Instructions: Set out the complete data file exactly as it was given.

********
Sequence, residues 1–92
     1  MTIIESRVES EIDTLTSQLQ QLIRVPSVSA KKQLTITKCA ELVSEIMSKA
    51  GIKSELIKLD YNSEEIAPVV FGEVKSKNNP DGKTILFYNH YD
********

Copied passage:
Sequence, residues 1–92
     1  MTIIESRVES EIDTLTSQLQ QLIRVPSVSA KKQLTITKCA ELVSEIMSKA
    51  GIKSELIKLD YNSEEIAPVV FGEVKSKNNP DGKTILFYNH YD